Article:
Robotically assisted laparoscopy benefits surgical performance under stress

2.50
Hdl Handle:
http://hdl.handle.net/11287/593950
Title:
Robotically assisted laparoscopy benefits surgical performance under stress
Authors:
Moore, L. J.; Wilson, M R.; Waine, Elizabeth; McGrath, John S; Masters, R. S.; Vine, S. J.
Abstract:
While the benefits of robotic surgery for the patient have been relatively well established, little is known about the benefits for the surgeon. This study examined whether the advantages of robotically assisted laparoscopy (improved dexterity, a 3-dimensional view, reduction in tremors, etc.) enable the surgeon to better deal with stressful tasks. Subjective and objective (i.e. cardiovascular) responses to stress were assessed while surgeons performed on either a robotic or conventional laparoscopic system. Thirty-two surgeons were assigned to perform a surgical task on either a robotic system or a laparoscopic system, under three stress conditions. The surgeons completed self-report measures of stress before each condition. Furthermore, the surgeons' cardiovascular responses to stress were recorded prior to each condition. Finally, task performance was recorded throughout each condition. While both groups reported experiencing similar levels of stress, compared to the laparoscopic group, the robotic group displayed a more adaptive cardiovascular response to the stress conditions, reflecting a challenge state (i.e. higher blood flow and lower vascular resistance). Furthermore, despite no differences in completion time, the robotic group performed the tasks more accurately than the laparoscopic group across the stress conditions. These results highlight the benefits of using robotic technology during stressful situations. Specifically, the results show that stressful tasks can be performed more accurately with a robotic platform, and that surgeons' cardiovascular responses to stress are more favourable. Importantly, the 'challenge' cardiovascular response to stress displayed when using the robotic system has been associated with more positive long-term health outcomes in domains where stress is commonly experienced (e.g. lower cardiovascular disease risk).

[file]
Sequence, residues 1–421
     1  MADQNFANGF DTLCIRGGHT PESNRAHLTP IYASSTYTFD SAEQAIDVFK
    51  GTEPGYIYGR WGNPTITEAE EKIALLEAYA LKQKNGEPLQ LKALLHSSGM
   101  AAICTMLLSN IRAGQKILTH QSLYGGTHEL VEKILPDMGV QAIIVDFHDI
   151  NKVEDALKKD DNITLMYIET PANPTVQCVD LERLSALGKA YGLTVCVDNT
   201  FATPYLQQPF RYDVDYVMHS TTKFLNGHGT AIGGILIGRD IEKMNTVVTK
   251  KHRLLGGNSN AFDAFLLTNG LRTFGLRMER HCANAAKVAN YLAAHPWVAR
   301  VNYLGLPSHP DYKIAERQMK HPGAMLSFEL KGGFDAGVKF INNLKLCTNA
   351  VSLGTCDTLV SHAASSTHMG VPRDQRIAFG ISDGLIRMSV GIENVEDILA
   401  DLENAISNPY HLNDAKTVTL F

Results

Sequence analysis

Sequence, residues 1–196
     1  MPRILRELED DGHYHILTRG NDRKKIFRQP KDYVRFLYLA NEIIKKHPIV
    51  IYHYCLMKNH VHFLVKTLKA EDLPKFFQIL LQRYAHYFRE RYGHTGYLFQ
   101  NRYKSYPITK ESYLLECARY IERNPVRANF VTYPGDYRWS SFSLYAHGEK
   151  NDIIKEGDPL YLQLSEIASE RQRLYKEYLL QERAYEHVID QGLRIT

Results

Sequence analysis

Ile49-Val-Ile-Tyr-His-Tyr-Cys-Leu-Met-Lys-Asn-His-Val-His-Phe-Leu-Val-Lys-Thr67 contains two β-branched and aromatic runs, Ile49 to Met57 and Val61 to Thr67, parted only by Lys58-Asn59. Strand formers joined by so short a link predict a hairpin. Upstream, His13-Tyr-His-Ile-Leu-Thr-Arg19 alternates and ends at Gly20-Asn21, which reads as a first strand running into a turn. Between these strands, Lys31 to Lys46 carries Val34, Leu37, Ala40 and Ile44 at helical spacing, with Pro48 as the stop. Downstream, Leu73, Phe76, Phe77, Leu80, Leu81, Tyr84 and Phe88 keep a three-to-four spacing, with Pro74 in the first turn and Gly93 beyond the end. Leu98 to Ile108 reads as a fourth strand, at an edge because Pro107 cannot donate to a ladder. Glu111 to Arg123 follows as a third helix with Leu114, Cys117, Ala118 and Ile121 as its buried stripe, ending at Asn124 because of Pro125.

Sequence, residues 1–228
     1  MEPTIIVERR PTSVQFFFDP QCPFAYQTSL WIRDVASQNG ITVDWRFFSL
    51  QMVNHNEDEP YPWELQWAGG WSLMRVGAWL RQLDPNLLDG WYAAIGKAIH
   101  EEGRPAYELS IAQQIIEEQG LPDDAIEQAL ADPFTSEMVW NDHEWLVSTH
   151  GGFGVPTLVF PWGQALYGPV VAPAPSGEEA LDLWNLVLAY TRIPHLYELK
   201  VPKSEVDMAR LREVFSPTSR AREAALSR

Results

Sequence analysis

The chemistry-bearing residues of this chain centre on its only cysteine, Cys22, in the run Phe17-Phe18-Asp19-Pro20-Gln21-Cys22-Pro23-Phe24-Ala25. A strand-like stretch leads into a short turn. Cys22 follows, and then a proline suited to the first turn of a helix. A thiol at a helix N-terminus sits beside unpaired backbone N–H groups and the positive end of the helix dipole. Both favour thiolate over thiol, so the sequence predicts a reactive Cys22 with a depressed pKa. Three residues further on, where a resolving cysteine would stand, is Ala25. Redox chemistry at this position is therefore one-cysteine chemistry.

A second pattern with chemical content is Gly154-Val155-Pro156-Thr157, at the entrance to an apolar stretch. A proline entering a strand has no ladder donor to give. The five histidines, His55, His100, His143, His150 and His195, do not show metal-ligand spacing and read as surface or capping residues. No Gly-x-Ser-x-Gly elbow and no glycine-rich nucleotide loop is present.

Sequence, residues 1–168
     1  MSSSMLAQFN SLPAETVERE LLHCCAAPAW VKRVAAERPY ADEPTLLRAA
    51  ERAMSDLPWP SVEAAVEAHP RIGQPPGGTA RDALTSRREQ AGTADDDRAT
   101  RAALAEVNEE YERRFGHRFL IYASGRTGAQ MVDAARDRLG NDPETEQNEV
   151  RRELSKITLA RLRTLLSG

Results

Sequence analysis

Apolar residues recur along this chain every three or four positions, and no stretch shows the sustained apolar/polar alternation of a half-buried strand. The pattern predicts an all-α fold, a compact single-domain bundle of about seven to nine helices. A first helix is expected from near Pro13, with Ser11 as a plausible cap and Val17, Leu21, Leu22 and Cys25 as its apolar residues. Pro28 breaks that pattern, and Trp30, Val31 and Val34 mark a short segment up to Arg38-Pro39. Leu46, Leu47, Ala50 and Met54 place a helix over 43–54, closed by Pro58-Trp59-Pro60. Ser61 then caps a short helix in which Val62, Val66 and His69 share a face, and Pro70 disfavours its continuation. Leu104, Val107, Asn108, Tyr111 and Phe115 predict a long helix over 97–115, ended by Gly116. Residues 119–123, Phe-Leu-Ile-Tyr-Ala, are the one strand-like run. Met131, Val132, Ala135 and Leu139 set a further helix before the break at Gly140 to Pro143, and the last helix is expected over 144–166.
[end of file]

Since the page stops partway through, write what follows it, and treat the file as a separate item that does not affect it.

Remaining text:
Citation:
J Robot Surg. 2015 Dec;9(4):277-84. Epub 2015 Aug 2.
Publisher:
Springer
Journal:
Journal of robotic surgery
Issue Date:
1-Dec-2015
URI:
http://hdl.handle.net/11287/593950
DOI:
10.1007/s11701-015-0527-y
PubMed ID:
26530839
Additional Links:
http://dx.doi.org/10.1007/s11701-015-0527-y
Type:
Journal Article
Language:
eng
ISSN:
1863-2491
Appears in Collections:
2015 RD&E publications; HeSRU publications

Full metadata record

DC FieldValue Language
dc.contributor.authorMoore, L. J.en
dc.contributor.authorWilson, M R.en
dc.contributor.authorWaine, Elizabethen
dc.contributor.authorMcGrath, John Sen
dc.contributor.authorMasters, R. S.en
dc.contributor.authorVine, S. J.en
dc.date.accessioned2016-01-19T12:37:53Zen
dc.date.available2016-01-19T12:37:53Zen
dc.date.issued2015-12-01en
dc.identifier.citationJ Robot Surg. 2015 Dec;9(4):277-84. Epub 2015 Aug 2.en
dc.identifier.issn1863-2491en
dc.identifier.pmid26530839en
dc.identifier.doi10.1007/s11701-015-0527-yen
dc.identifier.urihttp://hdl.handle.net/11287/593950en
dc.description.abstractWhile the benefits of robotic surgery for the patient have been relatively well established, little is known about the benefits for the surgeon. This study examined whether the advantages of robotically assisted laparoscopy (improved dexterity, a 3-dimensional view, reduction in tremors, etc.) enable the surgeon to better deal with stressful tasks. Subjective and objective (i.e. cardiovascular) responses to stress were assessed while surgeons performed on either a robotic or conventional laparoscopic system. Thirty-two surgeons were assigned to perform a surgical task on either a robotic system or a laparoscopic system, under three stress conditions. The surgeons completed self-report measures of stress before each condition. Furthermore, the surgeons' cardiovascular responses to stress were recorded prior to each condition. Finally, task performance was recorded throughout each condition. While both groups reported experiencing similar levels of stress, compared to the laparoscopic group, the robotic group displayed a more adaptive cardiovascular response to the stress conditions, reflecting a challenge state (i.e. higher blood flow and lower vascular resistance). Furthermore, despite no differences in completion time, the robotic group performed the tasks more accurately than the laparoscopic group across the stress conditions. These results highlight the benefits of using robotic technology during stressful situations. Specifically, the results show that stressful tasks can be performed more accurately with a robotic platform, and that surgeons' cardiovascular responses to stress are more favourable. Importantly, the 'challenge' cardiovascular response to stress displayed when using the robotic system has been associated with more positive long-term health outcomes in domains where stress is commonly experienced (e.g. lower cardiovascular disease risk).en
dc.language.isoengen
dc.publisherSpringeren
dc.relation.urlhttp://dx.doi.org/10.1007/s11701-015-0527-yen
dc.titleRobotically assisted laparoscopy benefits surgical performance under stressen
dc.typeJournal Articleen
dc.identifier.journalJournal of robotic surgeryen

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